Inconvertible money is money that cannot be converted into gold and silver. Notes and coins are inconvertible money. They are inconvertible and are declared by the government money. Such fiat money is a country's legal tender. Today, notes and coins are the currencies used in bank deposits.

Types of bank deposits:

More reading[change | change source]

  • Ferguson, Niall (2008). The Ascent of Money: A Financial History of the World. Allen Lane. ISBN 9781846141065
  • Davies, Glyn (2010). History of Money: From Ancient Times to the Present Day (Fourth ed.). University of Wales Press. ISBN 9780708317174

References[change | change source]

Other websites[change | change source]

Wikimedia Commons has media related to Money.

Early 6th century BC Lydian coin

US-$10,000 Certificate of Deposit, 1875

Essay on Money: Evolution, Types and Qualities!

Evolution (Development) of Money:

The introduction of money as a medium of medium of exchange was one of the greatest inventions of mankind. Before money was invented, exchange took place by barter, that is, commodities and services were directly exchanged for commodities and services.

Under the barter system buyers and sellers of commodities had to face a number of difficulties. In ancient times the drawbacks of barter caused people to use a ‘go-between’ or money, which made buying and selling much simpler. Surplus goods were exchanged for money which, in turn, was exchanged for other goods (that were needed).

Use of Commodities:

Some peculiar things were used before money came into use. Any­thing in common use and having intrinsic value (considered to be valuable for its own sake) served as money. For example, grain, cattle and salt were widely used as money.

Problems:

However, the use of commodities as money has drawbacks. Firstly, cattle vary in size and quality. It is not easy to carry them around for the settlement of debts. Secondly, they are too large for making small purchases. Thirdly, they are not durable assets because their value is reduced sooner or later by disease, age and death.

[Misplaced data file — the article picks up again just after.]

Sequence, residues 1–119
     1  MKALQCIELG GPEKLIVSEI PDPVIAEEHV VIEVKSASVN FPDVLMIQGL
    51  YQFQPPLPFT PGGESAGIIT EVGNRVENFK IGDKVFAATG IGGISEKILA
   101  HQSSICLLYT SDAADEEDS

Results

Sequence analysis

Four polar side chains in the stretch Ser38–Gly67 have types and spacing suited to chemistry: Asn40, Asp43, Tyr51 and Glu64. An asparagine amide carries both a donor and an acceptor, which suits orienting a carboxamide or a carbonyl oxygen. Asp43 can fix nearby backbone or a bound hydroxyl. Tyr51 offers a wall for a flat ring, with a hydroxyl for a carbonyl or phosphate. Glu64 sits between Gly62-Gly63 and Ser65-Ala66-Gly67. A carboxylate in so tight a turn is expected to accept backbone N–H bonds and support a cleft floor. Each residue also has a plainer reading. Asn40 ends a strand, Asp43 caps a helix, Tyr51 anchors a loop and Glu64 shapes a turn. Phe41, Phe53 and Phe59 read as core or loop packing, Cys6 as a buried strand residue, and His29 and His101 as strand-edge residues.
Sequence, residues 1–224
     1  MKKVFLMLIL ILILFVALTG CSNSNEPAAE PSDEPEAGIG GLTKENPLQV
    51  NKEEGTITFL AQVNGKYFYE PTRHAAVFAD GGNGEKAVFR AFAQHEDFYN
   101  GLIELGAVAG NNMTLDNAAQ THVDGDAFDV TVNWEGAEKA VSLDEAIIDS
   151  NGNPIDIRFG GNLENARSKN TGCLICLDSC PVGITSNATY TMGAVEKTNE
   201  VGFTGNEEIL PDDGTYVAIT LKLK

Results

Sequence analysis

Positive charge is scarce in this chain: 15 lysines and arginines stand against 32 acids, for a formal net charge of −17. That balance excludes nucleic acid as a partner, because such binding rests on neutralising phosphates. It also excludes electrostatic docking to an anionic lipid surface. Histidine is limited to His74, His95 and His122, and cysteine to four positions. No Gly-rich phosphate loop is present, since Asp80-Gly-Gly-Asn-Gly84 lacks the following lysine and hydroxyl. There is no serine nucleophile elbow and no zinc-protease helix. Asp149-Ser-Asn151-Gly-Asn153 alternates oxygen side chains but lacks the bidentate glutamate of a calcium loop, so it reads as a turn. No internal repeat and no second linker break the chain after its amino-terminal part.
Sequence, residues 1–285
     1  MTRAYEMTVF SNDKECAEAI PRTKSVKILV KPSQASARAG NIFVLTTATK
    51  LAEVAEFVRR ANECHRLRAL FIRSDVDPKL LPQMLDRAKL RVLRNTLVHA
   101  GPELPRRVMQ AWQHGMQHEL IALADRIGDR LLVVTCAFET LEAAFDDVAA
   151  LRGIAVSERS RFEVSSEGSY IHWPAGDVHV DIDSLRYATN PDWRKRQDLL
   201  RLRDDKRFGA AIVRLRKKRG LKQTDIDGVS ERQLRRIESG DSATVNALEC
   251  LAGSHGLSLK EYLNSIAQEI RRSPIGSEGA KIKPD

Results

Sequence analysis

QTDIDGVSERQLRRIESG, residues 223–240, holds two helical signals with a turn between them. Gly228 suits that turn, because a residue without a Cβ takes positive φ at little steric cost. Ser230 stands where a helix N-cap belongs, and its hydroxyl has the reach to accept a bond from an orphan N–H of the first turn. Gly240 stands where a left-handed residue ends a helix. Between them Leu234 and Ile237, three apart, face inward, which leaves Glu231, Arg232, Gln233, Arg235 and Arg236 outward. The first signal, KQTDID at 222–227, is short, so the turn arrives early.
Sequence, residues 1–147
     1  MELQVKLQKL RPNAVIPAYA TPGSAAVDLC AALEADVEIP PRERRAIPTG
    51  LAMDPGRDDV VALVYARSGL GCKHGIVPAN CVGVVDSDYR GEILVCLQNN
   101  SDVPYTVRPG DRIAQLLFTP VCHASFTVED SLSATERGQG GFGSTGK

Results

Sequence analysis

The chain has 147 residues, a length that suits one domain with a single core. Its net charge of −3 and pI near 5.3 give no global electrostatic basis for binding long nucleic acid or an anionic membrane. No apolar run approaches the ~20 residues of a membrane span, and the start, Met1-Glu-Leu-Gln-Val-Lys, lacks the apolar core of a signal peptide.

Use of Precious Metals:

In view of the above disadvantages, metals—gold and silver —came into use as money. They did not suffer from any of the disadvantages of commo­dities. Moreover, both were easily worked into manageable small pieces that would serve for everyday dealings. Coins were the natural next stage in the evolution of money.

Metal Coins:

It is widely believed that Greeks were the first people to make coins, that is, standard units which could be easily counted. In old societies coins were worth what they weighed. For example, a silver coin which contained 10 oz. of silver was worth the current market value of 10 oz. of the metal. Thus money had an intrinsic value as metal.

Paper Currency (or Currency Notes):

The first paper money was the bank note deve­loped by the goldsmith bankers in the second half of the 17th century. Its significance lay in the fact that its value depended not on its intrinsic worth as paper but on the credit of the banker who issued it.

As soon as paper currency became widely acceptable there was no need to maintain a coinage of intrinsic value. Gold coins were used for quite some time, but, for various reasons, went out of use in 1914. However, silver coins were minted from an alloy called cupro-nickel.

Thus the currency, both notes and coins, is now entirely a token one. The implication is simple the paper or metal is not worth the value printed or stamped. Each has a face falue, i.e., value which is written on the face of a coin or currency note. This face value is likely to be quite different from its intrinsic value.

Bank Deposits:

The final stage in the deve­lopment of money has been the use of bank deposits as money. For a long time cheques have taken place of notes and coins for the major proportion of commercial transactions. A cheque is basically a short-term credit ins­trument. In the strict sense of the term, a cheque is not money. But an individual’s deposit in a commercial bank is no doubt money. A cheque is just a written instruction.